Here's one of the most obvious statements in the NFL: it's hard to win a Super Bowl. Winning two in a row is even rarer; the Kansas City Chiefs just became the first team since the 2003-04 New England Patriots to accomplish the feat.

Norton, however, is one of the only players in NFL history to win three straight.

Norton came into the NFL as a second-round pick by the Dallas Cowboys in 1988. It took a year for him to get a chance because of an injury as a rookie, but he quickly became a staple of the defense, recording 100-plus tackles in two of his four seasons. In 1993, Norton had the best season of his career, earning a Pro Bowl and Second Team All-Pro selection for recording 159 tackles, an interception and two sacks. He also helped the Cowboys win Super Bowls in 1992 and 1993, scoring a touchdown on a fumble recovery in Super Bowl XXVII.

Norton was signed by the San Francisco 49ers in 1994 as part of the league first free agency period, leading a defense that allowed the sixth fewest points in the league with 86 tackles to go with a forced fumble and an interception. 

The 49ers won seven of their final eight games of the regular season in 1994 and blew out the San Diego Chargers in Super Bowl XXIX. Norton had six tackles in the 49-26 win.

4. He had a unique celebration to honor his father.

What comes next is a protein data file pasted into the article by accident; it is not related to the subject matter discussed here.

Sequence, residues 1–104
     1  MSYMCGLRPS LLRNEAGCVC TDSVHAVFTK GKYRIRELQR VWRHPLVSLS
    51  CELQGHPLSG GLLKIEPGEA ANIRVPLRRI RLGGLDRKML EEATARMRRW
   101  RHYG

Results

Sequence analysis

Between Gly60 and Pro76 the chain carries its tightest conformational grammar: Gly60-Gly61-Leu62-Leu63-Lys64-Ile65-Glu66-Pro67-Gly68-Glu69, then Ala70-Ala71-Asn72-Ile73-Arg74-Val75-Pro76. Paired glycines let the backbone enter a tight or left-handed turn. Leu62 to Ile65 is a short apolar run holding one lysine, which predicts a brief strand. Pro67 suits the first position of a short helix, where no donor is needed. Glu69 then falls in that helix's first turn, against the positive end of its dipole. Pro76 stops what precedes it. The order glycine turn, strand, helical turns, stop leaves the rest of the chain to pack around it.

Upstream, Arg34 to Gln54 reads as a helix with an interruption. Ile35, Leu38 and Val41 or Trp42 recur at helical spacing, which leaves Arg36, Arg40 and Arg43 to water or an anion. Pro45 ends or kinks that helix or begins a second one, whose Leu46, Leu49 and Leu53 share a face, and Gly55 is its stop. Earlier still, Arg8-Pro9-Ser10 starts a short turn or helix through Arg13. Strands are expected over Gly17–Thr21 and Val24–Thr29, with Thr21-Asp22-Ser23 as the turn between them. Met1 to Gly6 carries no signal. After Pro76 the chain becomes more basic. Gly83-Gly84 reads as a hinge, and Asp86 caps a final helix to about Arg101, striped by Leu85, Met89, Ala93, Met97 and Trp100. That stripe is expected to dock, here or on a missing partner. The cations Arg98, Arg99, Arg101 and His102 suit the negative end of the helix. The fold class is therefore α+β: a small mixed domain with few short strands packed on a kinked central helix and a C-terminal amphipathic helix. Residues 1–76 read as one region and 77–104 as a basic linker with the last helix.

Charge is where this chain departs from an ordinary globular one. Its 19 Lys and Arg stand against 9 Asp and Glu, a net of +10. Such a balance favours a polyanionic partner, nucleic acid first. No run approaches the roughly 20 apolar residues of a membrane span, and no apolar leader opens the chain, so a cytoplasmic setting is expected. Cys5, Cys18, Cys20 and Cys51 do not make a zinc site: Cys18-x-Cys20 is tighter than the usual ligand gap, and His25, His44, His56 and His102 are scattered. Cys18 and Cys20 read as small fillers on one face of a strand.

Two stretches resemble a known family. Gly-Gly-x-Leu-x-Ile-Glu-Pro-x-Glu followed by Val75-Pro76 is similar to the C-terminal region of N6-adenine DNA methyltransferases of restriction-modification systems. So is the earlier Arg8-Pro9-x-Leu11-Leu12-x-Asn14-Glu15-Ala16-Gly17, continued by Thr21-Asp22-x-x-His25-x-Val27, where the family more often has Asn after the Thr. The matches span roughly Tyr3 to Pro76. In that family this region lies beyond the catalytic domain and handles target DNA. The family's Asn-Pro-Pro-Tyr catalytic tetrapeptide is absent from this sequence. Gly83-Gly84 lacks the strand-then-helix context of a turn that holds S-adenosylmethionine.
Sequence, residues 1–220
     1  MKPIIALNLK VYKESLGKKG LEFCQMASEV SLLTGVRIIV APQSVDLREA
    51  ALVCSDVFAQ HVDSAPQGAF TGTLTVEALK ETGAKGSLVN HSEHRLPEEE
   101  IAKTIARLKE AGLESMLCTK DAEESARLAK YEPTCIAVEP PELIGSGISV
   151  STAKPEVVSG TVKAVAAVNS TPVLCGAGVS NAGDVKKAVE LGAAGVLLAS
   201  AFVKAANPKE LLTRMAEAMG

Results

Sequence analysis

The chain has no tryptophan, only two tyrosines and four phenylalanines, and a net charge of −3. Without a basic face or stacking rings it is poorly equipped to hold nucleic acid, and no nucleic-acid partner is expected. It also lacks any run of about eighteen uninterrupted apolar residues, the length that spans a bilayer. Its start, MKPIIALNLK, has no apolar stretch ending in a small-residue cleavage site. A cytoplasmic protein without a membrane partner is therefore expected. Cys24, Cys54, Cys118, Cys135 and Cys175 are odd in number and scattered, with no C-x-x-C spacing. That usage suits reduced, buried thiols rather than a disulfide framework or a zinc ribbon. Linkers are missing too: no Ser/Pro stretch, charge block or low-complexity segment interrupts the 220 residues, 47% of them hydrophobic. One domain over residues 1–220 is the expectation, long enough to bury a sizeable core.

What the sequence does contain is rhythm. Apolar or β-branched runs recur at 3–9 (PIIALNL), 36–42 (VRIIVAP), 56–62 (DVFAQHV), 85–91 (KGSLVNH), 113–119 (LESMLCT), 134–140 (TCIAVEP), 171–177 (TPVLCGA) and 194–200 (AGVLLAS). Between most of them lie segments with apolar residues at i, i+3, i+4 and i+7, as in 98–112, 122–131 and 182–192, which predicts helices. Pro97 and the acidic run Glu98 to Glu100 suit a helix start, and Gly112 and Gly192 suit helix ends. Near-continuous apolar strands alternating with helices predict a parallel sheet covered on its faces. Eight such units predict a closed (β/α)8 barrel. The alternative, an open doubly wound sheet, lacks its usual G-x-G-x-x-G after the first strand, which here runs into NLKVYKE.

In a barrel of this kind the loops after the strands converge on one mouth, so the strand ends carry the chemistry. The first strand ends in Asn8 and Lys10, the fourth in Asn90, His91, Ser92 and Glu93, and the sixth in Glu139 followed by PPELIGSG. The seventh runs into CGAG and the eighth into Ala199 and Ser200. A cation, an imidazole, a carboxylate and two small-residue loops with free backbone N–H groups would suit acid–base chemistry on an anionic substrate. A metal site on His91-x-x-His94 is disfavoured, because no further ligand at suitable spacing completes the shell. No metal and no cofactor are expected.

Player celebrations after a big play have been around for years. Some are iconic, like the "Lambeau Leap" or Ickey Woods' "Ickey Shuffle." Others, like the numerous that Randy Moss and Terrell Owens pulled off in their careers, are...let's just say "unique."

Norton kept it simple and used his celebrations to honor his father and his boxing background. Anytime he made a sack or an interception, he would either punch the goal post or shadow box.

One of the most memorable examples of his celebration came in 1995 against the St. Louis Rams. Just four minutes into the first quarter, Norton intercepted Chris Miller's pass and returned it 21 yards for the score. After spiking the ball, he ran over to the goal post and gave it seven uppercuts before running back to the sideline with his teammates. 

Norton did it again in the third quarter, this time building on the 49ers' 30-3 lead over the Rams with a 35-yard touchdown. Norton whaled on the goal post again, making it shake while two of his teammates cheered him on. 

Whether it was laying hits on ball-carriers or celebrating game-changing plays, Norton certainly packed a wallop.

5. He has a long history of developing linebackers.

Norton retired after the 2000 season and got into coaching four years later, joining USC's staff as the program's linebackers coach. He's been in the business for the past two decades, spending time with the Seattle Seahawks, Raiders, and UCLA before coming to Washington. The common theme among all his stops: linebackers thrive under his tutelage. 

Norton played a part in developing multiple NFL-caliber players during his time at USC. Lofa Tatupu and Clay Matthews III were named to numerous Pro Bowls in their careers, while Brian Cushing was the Defensive Rookie of the Year in 2009.

That trend continued in the NFL, when Norton coached for the Seahawks and Raiders. Bobby Wagner, K.J. Wright, Bruce Irvin and 2016 Defensive Player of the Year all had stellar seasons with Norton as their coach. 

Norton is inheriting a young linebacker group in Washington that's led by the likes of Jamin Davis and Khaleke Hudson. It's a young position with mixed results, but Norton's guidance should help get more consistent results.